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How to Help Your Firm Cope with Change

Ever-faster change has made spotting and controlling risks far more difficult. Internal audit teams can respond best by helping their firms become more agile

Coping with change too many competing priorities decision makingNot only do managers have to cope with more change than ever, the change is happening faster and faster too. Employees once had two or three years to settle into a role, to understand it and, in some cases, to over perform and prepare for the next promotion or job move.

Now an employee’s goals, who they are asked to collaborate with, and the information and resources they need to do that can change multiple times a year.

For example, 7-in-10 employees experienced an increase in the pace, impact, and number of workplace changes over the past three years, mainly because a similar proportion (70%) of senior managers say they feel pressure to make big changes to their operations to meet larger and different targets (see charts 1 and 2).

Employees' experience of change over the past three years

Chart 1: Employees’ experience of change over the past three years  Percentage of respondents; n=6,206  Source: CEB Control Owner Survey

Business leader expectations over the next 12 months

Chart 2: Business leader expectations over the next 12 months  Percentage of respondents; n=1,938  Source: CEB 2014 Q4 Business Barometer

This amount of change has made the jobs of internal auditors (and enterprise risk management professionals) much harder. “Providing assurance through change means conducting a lot of non-standard audits in new and unfamiliar areas,” the chief audit executive (CAE) at one telecoms firm in CEB’s client networks said. “This requires my staff to become more comfortable with ambiguity, as we are no longer just auditing against pre-defined standards.”

Modern firms are complex and interdependent, and are only going to get more so. For instance, growth means that companies will operate in more – and more diverse – markets, and this means they will be subject to a greater range of regulation than ever before and have to try to enforce compliance with that regulation and internal policies in more and more locations. On top of that, the increased use of offshoring, outsourcing, and shared service arrangements has reduced managers’ direct control over many risks.

As one CAE explained: “The business needs us to provide assurance that supports the achievement of their strategic objectives … but it is very hard to keep abreast of their changing strategy.” Chart 3 shows how these challenges make the audit process harder.

The effect of constant change on the auditing process

Chart 3: The effect of constant change on the auditing process  Source: CEB analysis

Change Hits Control Owners the Hardest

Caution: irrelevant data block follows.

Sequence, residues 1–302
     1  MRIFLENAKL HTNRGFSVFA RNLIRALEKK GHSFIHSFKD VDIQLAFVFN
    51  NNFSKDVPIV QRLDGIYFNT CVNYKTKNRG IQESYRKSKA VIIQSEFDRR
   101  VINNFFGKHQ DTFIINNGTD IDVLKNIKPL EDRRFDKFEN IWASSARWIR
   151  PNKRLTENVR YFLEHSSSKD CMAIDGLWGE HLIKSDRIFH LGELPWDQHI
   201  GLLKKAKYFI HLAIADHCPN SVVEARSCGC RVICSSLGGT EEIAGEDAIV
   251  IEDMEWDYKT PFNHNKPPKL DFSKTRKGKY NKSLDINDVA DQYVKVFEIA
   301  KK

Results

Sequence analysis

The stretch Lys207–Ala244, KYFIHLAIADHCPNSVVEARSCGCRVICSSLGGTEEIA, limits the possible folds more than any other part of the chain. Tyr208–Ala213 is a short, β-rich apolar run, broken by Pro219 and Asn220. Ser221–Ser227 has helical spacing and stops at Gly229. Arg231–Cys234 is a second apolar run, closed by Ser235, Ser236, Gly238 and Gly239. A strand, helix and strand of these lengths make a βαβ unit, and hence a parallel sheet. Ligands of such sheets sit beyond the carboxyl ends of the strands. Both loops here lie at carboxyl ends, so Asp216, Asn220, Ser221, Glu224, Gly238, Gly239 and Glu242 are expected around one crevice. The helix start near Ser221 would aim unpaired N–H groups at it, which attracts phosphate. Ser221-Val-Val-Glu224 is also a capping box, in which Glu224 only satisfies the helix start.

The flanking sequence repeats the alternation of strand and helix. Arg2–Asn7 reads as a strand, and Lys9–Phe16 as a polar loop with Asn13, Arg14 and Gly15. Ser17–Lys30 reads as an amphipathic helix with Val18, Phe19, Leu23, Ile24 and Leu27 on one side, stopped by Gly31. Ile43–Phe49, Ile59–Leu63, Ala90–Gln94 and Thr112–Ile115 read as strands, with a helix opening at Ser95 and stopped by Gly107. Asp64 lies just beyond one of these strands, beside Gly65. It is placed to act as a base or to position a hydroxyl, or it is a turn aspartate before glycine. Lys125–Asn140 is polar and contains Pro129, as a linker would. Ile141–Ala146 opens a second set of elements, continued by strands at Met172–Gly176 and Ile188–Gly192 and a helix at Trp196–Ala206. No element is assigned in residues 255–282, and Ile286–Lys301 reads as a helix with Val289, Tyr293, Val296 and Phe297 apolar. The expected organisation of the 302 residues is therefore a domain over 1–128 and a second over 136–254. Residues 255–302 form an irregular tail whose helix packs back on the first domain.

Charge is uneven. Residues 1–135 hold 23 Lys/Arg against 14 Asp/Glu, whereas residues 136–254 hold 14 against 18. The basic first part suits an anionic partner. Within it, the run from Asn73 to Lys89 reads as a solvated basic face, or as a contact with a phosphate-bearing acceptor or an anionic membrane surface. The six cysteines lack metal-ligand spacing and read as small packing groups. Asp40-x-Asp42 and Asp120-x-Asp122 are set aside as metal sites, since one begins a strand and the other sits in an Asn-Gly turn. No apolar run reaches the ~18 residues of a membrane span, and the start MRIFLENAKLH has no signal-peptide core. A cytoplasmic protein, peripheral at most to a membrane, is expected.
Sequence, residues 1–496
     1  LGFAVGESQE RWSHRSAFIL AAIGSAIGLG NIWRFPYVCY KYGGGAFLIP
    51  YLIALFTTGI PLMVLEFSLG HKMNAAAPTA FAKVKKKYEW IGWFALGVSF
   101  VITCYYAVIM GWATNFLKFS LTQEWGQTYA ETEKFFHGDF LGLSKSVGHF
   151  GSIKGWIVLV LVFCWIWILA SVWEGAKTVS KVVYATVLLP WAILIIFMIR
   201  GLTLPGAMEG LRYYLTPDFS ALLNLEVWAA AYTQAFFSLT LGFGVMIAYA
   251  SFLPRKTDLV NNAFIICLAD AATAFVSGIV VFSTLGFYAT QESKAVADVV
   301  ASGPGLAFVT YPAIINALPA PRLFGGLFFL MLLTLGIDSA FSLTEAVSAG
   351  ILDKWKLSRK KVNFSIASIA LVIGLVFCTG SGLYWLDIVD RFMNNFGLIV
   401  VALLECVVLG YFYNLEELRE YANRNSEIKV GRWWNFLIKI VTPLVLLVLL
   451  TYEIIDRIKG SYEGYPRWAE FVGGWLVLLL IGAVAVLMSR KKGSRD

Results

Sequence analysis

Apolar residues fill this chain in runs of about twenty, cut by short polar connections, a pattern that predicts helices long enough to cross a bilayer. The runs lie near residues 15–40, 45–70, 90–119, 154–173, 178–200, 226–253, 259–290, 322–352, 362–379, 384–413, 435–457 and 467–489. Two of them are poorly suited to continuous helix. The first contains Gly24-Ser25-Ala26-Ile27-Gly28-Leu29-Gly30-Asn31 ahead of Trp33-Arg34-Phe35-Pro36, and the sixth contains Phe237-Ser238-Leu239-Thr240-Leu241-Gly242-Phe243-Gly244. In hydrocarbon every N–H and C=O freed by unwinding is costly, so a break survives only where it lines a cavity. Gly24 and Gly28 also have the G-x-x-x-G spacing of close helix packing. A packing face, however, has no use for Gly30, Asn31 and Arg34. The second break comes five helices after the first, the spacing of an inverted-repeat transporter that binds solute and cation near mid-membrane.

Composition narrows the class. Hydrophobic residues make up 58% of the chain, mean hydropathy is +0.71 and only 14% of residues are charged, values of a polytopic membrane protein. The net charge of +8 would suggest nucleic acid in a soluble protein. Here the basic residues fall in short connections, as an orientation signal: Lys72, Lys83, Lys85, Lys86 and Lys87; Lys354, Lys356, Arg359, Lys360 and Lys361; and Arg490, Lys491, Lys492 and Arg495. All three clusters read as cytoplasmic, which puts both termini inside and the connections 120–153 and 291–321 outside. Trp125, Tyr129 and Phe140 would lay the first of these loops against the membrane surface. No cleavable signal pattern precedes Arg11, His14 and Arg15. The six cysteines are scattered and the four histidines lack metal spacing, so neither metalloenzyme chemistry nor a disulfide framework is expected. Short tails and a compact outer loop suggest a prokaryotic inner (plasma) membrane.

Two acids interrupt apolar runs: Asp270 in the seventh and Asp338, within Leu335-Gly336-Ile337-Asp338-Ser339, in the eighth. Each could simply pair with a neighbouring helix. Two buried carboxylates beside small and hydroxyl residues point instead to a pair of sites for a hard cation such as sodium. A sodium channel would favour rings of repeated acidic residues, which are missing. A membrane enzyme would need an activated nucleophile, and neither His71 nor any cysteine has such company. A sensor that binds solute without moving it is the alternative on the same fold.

In audit and risk management jargon, “control owners” are those responsible for the processes that prevent a risk to the business or at least mitigate that risk. This can be an HR manager that is responsible for the policies to do with fair hiring practices or a manufacturing manager responsible for health and safety processes in a factory.

And it is these control owners that that are most exposed to, and hardest hit by, all this organizational change. They are typically management-level individuals across HR, IT, Finance, and Operations. And when corporate change strikes, the effectiveness of these controls suffer.

Audit’s Response: Understandable but Incomplete

Because all of this upheaval is making audit professionals jobs harder, the natural impulse for CAEs is to change their function. Most Audit departments have made both processes and working practices more agile, according to CEB data.

Teams have invested in ways to improve the speed and flexibility of audit processes (i.e. rolling audit plans, data analytics), and are trying to make the audit team more adaptable to change (i.e. increasing business acumen, flexible staffing arrangements). There’s certainly nothing wrong with doing this but these efforts aren’t enough to help the company manage risk in such a changeable world.

In fact, in depth analysis of the data found no correlation between the effectiveness of internal auditors’ work and greater investment in making the audit function more agile.

Help the Company Become More Agile

But analysis of the data and conversations with more than 200 CAEs about their most significant change-related challenges, did show that the best way to help the business manage and respond to risks is to both improve the agility of Internal Audit and help improve the agility of the whole business.

It takes a long time for the business to recover from changes — and the result is often disruption of risk management processes. Change can create a lot of competing priorities, and that can paralyze decision making. Continuous change can also mean that control owners, and their ability to control risk, never have a chance to recover.

Preventive medicine is called for. This means helping the business anticipate threats so that it doesn’t experience such steep risk management declines after a change event. It also means equipping the business to bounce back faster if a decline occurs.

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